When DCPP demands access to a home it does so under circumstances that are intimidating to any parent to any family. Under these circumstances DCPP does not comply with the protections under the Constitution of the State of New Jersey and does so in violation of the law.

DCPP/DYFS’s authority and interest in protecting children should not allow
“confidential” and faceless allegations to override the privacy rights of citizens and the rights to be free from warrantless searches under our State and Federal Constitutions

In New Jersey when law enforcement seeks to conduct a search without a warrant, as a matter of constitutional requirement, the State is required to obtain proper consent advising the parties that they have the right to refuse consent (in the absence of an independent exception to the warrant requirement that would otherwise justify a warrantless search).

When confronted by an investigator from DCPP and possibly two uniformed armed law enforcement officer, the alleged “perpetrators” are not properly notified of their constitutional right to refuse DCPP/DYFS and police entry into their home. No Consent to Search Form is offered or executed. If there is no warrant, no probable cause determination by a court, and there is no compliance and there is simply coercion through the use of uniformed, armed officers, under the not so veiled threat of removal of children, to search a residence and interrogate parents, family members, and possibly neighbors.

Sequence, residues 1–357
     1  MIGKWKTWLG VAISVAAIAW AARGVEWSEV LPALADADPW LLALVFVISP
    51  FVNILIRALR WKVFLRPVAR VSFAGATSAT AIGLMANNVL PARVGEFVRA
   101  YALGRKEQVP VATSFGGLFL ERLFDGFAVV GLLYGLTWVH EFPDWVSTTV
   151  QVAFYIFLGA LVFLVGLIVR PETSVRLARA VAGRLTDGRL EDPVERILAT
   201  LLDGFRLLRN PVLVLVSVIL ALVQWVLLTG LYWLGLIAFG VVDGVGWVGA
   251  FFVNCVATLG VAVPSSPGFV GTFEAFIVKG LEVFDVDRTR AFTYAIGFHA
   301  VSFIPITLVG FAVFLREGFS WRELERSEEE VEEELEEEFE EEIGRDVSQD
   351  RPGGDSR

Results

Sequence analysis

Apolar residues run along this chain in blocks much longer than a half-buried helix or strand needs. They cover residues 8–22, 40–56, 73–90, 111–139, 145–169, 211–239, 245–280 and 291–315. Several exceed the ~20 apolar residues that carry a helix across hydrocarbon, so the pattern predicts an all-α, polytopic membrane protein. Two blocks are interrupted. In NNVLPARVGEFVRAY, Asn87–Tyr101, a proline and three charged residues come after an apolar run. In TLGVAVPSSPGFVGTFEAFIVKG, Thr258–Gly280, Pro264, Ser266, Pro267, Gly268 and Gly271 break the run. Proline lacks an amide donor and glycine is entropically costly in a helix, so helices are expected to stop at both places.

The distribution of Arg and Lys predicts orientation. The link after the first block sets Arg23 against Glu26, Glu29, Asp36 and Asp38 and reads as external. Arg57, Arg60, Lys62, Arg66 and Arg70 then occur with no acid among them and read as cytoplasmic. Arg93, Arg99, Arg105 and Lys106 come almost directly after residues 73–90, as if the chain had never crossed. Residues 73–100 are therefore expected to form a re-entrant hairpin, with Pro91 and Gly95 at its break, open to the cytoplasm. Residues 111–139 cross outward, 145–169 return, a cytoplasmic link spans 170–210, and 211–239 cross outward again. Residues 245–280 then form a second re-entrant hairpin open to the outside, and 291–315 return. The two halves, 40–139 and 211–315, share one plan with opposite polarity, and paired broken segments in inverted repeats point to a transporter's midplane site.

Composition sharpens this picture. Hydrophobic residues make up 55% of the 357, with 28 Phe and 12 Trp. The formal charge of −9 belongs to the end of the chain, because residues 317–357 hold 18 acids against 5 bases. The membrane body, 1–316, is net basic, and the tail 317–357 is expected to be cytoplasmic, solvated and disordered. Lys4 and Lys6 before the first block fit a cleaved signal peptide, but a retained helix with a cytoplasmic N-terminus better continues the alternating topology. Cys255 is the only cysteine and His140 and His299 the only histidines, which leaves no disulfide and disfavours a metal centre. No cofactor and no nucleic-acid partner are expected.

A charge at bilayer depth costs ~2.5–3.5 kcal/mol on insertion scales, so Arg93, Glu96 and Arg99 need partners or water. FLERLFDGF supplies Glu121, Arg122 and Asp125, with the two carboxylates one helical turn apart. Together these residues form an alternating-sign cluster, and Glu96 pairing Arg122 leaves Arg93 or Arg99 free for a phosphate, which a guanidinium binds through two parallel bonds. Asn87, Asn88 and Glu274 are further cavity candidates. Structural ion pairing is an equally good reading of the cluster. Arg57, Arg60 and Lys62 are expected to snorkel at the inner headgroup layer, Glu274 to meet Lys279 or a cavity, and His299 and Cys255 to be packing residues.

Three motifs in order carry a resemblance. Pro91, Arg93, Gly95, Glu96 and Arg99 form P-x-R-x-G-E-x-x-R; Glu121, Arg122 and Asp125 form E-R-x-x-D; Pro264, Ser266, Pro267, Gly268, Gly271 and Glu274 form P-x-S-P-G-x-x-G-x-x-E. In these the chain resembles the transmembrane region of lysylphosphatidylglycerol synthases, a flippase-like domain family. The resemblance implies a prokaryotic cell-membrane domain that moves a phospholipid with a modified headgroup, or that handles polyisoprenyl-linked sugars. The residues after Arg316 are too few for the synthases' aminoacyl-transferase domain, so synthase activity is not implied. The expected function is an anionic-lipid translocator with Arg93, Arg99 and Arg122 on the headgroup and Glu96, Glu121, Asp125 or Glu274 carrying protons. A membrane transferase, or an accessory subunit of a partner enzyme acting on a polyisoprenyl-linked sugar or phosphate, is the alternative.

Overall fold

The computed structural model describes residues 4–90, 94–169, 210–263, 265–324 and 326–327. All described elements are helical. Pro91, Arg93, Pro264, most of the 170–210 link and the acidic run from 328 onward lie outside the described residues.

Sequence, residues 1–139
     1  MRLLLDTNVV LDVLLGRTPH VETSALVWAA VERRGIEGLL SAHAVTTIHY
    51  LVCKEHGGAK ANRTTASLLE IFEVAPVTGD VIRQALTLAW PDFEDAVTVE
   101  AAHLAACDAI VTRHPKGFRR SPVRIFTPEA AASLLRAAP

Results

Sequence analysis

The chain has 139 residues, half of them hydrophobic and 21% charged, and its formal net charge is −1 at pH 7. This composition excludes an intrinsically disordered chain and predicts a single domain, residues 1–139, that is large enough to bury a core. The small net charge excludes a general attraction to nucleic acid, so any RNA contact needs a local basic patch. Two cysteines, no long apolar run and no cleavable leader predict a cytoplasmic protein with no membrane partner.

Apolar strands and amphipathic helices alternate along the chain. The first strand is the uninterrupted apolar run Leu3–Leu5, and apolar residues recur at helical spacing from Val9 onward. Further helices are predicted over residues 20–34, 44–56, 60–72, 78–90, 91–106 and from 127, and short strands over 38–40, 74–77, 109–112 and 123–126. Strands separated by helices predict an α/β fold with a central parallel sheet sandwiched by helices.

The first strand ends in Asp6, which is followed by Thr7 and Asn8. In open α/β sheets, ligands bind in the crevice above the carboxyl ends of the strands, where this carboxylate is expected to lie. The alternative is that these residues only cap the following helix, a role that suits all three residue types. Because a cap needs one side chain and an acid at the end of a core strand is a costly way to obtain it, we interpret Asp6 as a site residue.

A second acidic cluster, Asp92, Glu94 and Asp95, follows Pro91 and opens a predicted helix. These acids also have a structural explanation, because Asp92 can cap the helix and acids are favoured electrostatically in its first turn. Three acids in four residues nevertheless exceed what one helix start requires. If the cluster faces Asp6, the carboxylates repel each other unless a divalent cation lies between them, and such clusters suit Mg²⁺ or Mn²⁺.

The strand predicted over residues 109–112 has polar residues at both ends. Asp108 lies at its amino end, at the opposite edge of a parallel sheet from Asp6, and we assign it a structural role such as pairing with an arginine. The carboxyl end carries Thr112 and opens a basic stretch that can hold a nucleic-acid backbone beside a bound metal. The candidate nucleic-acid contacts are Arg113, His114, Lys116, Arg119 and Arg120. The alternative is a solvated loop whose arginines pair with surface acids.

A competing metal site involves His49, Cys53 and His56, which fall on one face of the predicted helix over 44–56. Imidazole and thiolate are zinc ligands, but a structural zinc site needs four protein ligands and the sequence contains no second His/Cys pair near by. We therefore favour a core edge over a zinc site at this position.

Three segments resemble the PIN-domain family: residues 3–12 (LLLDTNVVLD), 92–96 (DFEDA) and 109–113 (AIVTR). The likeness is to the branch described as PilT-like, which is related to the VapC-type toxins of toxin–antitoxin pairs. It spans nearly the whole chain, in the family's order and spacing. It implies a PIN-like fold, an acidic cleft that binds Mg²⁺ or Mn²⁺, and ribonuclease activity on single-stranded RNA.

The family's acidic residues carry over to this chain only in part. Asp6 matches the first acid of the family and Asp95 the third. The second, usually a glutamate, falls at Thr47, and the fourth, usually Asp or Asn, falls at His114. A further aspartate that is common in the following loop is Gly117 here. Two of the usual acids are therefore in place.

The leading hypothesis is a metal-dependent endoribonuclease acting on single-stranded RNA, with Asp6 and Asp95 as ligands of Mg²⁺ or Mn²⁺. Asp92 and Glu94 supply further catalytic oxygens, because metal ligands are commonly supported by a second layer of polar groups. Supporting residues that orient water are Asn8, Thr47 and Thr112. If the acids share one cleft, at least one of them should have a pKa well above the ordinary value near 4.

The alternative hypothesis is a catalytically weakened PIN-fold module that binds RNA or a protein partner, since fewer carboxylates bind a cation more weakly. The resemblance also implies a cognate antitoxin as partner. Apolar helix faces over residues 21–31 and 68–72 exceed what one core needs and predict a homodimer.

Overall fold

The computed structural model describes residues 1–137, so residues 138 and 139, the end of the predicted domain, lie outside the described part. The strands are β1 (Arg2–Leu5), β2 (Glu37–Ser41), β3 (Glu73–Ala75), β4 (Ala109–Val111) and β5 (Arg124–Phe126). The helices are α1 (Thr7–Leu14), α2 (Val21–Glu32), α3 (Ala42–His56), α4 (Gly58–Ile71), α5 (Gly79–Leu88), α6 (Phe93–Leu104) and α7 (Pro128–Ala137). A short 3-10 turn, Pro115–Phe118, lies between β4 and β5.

Where it Gets Really Scary:

The problem with the absolute confidentiality of such allegations is any person, who acts in bad faith, who makes a false allegation of child abuse or neglect against another person can trigger an investigation and cause a DCPP investigator and armed law enforcement officers to appear at a family’s home. That source is cloaked with confidentiality and can set in motion extremely intimidating law enforcement action without fear of accountability. It is not known whether DCPP ever takes action against or investigates sources that make allegations that DCPP ultimately determines to be unfounded. In another context, there is a phenomenon called “swatting.” Swatting is where anonymous bad faith callers trigger swat teams to descend on a location putting civilians and law enforcement agents at risk. Anonymous allegations of child abuse and neglect can be misused in the same way. Bad faith reports of child abuse should not be permitted without consequence.

The Goal Should be to Protect, Not Intimidate, Children and the Family Unit, What Should be Done:

Minimum due process must be provided in those cases where allegations are “Not Established,” yet a permanent record will be established that there is “evidence of harm” or “risk of harm” to children. A permanent record should not be permitted without the subject being able to know the allegations, be able to respond, and challenge a determination of “evidence of harm or risk of harm.” There is no justification to deny a fair review and due process in a situation where there will be a permanent record of evidence of harm.